Set in a remote, desert bound luxury villa, “Revenge” is the unsettling story of three wealthy men, the arrogant Richard (Kevin Janssens) and pals Stan (Vincent Colombe) and Dimitri (Guillaume Bouchede) and one woman, Jen (Matilda Lutz). Jen is Richard’s mistress, seduced by his good looks and the perks his money offers, i.e. cocaine and private helicopters. The men are there for the good times and an annual hunting trip.

What begins as a glamorous, sexy getaway turns foul when Stan sexually assaults Jen. When she tearfully tells Richard what happened he tells her to brush it off, not to worry about it. When she threatens to tell his wife about their affair unless he does something about Stan he turns nasty. And so does the movie. Chased out into the desert, Jen is pushed over a cliff, impaled on a sharp branch and left for dead.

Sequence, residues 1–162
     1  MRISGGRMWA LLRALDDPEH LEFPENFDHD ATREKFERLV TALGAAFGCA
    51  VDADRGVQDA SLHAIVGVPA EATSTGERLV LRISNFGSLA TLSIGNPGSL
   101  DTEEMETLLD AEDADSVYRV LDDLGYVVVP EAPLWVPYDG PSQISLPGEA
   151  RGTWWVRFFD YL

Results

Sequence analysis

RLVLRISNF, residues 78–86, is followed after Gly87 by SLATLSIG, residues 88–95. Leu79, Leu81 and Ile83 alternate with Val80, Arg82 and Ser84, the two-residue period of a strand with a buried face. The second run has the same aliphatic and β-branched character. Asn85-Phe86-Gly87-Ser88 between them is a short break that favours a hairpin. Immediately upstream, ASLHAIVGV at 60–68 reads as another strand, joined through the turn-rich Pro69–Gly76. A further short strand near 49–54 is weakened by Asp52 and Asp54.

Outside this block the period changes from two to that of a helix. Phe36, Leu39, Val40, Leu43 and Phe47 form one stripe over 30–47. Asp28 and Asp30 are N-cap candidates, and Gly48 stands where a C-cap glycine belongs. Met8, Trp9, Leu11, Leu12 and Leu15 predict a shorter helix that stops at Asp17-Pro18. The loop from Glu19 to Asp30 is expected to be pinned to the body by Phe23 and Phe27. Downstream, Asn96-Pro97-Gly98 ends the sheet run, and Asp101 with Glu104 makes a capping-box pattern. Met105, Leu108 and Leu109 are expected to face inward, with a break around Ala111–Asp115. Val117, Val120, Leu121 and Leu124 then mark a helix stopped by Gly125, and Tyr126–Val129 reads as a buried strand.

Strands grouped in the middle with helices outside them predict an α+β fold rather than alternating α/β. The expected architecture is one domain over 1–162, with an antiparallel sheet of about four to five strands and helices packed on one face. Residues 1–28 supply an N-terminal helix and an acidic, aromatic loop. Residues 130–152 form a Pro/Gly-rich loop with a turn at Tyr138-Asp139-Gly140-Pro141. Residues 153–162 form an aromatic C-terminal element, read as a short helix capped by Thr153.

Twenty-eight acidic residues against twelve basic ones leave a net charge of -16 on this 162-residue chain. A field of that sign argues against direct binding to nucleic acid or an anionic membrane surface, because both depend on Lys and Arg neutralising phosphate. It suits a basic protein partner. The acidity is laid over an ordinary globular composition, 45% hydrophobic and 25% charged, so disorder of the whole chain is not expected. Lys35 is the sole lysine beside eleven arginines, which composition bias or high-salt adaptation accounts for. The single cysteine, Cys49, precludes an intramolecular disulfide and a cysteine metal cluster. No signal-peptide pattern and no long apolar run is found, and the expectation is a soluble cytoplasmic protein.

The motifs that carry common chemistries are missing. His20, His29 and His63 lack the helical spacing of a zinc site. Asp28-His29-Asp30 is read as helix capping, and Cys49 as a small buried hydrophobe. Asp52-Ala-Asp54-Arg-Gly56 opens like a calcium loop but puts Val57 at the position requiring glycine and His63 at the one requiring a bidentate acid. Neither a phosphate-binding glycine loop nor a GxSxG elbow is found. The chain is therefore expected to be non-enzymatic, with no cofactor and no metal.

Suffice to say that will not be the last bloodshed offered up in “Revenge’s” operatic tale of vengeance. With self-determination, a beer can and some self-surgery Jen survives with a new lease on life and vengeance in her heart.

“Revenge” is not a subtle movie. It is an exploitation flick that builds tension by taking its time between scenes of extremely graphic violence. Close-ups of fire ants swarming a rotted apple and Dimitri’s slo mo marshmallow mastication are add to the film’s disquieting atmosphere.

Clearly Fargeat has passed her days studying not only grindhouse gore but Michelangelo Antonioni films as well. The result is a blood-splattered art film that revels in its baseness.

As the title suggests “Revenge” is all about revenge but unlike most sex vengeance films this one is filtered through a female perspective. It is still hard to take but the transition from suffering to strength sets it apart from usual exploitation fare.